Responsible behavior on birthday fosters positive experience
November 4, 2011
There are many students on campus that are turning 21-yearsold this year. For some, this year marker in life doesn’t really matter. However, for others, finally being able to legally drink alcohol is often a cause for a major celebration.
Although legally there isn’t any way to stop those who choose to celebrate with alcohol, there is a fine line between celebrating and endangering your health. Birthdays should be about celebrating your life in a positive way. There are many ways to have a safe birthday if you choose to include alcohol. I happen to be one of those students who will cross that point in life where it is now legal to drink this year. In fact, that day was this past Wednesday, Nov. 2. I’m not one to think drinking is necessary to celebrate birthdays so I chose to have dinner with family. Having one or two drinks is OK in my opinion, but I wasn’t looking to get drunk.
If you are planning to drink on your 21st birthday there are precautions you can take to make sure you stay safe. Make sure you have a designated driver or on-foot-walker. No matter your transportation, be sure that you have someone that is willing to be there and make sure you get back home safely. Walking alone at night is never a good decision, especially when you are under the influence of alcohol. Drinking and driving is extremely dangerous as well. Alcohol is one of the leading causes of car accidents involving 21-year-olds and it can injure or even kill the people involved.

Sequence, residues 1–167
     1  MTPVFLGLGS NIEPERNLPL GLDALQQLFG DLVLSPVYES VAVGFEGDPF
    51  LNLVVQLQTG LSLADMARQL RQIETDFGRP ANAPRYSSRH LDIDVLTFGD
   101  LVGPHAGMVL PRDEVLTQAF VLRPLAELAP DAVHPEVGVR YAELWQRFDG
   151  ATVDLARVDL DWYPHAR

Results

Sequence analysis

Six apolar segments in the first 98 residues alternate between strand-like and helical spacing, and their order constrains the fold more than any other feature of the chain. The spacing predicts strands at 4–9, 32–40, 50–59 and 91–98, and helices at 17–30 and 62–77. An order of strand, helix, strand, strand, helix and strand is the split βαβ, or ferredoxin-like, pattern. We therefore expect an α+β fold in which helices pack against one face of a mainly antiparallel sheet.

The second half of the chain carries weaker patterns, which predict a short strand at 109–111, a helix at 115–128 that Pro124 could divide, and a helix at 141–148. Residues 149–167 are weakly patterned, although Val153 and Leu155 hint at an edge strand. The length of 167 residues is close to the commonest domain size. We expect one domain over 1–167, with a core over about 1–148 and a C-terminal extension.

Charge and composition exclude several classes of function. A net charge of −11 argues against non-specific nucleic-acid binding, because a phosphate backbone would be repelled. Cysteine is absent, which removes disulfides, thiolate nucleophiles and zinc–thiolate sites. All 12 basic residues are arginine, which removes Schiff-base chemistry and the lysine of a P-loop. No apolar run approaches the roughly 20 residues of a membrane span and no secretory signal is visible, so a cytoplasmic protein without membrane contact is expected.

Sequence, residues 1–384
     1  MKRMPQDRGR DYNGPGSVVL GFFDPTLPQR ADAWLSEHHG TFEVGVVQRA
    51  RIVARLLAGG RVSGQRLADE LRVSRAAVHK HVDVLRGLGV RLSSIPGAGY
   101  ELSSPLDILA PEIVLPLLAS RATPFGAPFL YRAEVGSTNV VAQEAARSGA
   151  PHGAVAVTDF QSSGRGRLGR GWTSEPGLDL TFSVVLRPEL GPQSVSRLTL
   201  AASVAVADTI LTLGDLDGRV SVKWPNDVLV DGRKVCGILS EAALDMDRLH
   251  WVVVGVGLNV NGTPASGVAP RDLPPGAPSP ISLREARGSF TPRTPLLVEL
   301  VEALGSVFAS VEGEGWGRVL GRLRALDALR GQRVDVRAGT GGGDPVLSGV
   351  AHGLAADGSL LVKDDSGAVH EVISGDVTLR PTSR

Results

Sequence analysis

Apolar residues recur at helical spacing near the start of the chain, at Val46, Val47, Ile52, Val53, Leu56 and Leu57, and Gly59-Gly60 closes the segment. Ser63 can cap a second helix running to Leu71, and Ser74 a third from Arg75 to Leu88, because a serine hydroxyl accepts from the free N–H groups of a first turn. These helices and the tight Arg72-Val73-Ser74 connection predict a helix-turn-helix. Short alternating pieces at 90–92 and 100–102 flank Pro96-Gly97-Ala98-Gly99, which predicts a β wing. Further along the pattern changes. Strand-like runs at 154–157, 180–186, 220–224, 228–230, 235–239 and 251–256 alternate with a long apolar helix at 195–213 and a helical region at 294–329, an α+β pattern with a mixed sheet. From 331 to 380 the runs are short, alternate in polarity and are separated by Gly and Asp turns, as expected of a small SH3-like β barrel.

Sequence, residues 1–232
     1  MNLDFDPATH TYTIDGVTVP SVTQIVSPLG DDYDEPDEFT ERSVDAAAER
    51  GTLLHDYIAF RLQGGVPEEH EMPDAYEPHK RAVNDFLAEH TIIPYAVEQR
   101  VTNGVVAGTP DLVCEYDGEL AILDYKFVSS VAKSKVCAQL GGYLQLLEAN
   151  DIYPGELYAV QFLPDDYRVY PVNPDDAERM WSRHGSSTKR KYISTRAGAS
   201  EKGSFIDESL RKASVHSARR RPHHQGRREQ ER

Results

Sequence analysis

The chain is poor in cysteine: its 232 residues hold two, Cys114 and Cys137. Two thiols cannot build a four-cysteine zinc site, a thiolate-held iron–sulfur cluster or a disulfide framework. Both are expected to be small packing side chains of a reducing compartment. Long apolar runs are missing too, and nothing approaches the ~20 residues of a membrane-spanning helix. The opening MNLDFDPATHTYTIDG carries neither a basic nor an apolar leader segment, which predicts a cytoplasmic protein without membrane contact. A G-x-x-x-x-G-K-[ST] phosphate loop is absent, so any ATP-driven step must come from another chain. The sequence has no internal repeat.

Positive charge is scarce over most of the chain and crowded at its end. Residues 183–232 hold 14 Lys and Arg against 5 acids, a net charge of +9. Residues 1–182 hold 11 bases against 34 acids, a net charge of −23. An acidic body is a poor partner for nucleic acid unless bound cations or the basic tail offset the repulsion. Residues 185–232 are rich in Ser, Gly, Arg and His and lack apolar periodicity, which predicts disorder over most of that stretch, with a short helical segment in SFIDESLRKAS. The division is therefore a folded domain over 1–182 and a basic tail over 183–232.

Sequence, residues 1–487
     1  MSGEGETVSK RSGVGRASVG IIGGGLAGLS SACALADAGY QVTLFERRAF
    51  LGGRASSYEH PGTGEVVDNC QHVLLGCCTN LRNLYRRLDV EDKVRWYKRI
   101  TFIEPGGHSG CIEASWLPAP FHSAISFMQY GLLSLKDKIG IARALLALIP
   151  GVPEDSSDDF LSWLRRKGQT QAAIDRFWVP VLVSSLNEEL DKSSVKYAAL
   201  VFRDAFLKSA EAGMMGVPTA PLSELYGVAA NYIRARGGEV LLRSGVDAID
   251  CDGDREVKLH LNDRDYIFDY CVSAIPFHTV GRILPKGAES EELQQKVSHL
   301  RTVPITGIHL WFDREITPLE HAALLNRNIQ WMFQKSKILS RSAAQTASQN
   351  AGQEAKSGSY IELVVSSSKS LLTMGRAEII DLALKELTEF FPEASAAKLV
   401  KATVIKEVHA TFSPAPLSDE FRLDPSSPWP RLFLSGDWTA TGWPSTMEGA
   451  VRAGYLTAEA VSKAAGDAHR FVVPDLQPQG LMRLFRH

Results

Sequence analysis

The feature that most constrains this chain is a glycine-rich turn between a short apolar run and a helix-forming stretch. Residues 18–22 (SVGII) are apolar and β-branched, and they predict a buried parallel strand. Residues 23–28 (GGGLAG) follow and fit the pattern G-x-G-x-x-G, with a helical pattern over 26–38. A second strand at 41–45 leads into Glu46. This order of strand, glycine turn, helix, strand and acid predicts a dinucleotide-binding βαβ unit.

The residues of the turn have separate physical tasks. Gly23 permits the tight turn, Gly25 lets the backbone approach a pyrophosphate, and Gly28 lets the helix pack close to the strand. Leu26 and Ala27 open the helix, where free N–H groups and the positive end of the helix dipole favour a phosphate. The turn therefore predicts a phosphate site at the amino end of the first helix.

The legal blood alcohol concentration (BAC) for Wisconsin residents is 0.08. However, BAC levels of 0.05 or even lower may affect driving capabilities. A standard drink is equivalent to 12 ounces of beer or wine coolers. For wine, the standard drink is equivalent to 5 ounces and it is also equivalent to 1.5 ounces of liquor. Watch what drinks you mix, as they can be dangerous depending on how strong the alcohol is in each one. Too much alcohol can lead to doing things you will regret the next day: blacking out, alcohol poisoning or even death. Keep in mind how much alcohol you have consumed and make sure that you aren’t drinking too much, too fast. There are websites that you can use to look up how your age, gender and weight will affect you when drinking. Use those to your advantage before partying.
I have heard stories about people getting so drunk that they blackout and don’t remember the night. Honestly, what is great about not remembering parts of your night? I once had a girl tell me about a time when she drank too much and ended up breaking her leg and foot because she fell down a flight of stairs. To this day, her foot is still not back to the way it used to be and she now walks with a noticeable limp. She doesn’t remember this incident happening but she had people that were with her explain what happened.
Birthdays are a time for celebrating life in a positive and upbeat way. No one wants to wake up the next morning and not remember how his or her birthday was. It’s OK to celebrate but stay safe while doing so.
Samantha Mayberry is a junior and is majoring in journalism. She is from Rochester, Minn., and loves to read, listen to music and take pictures.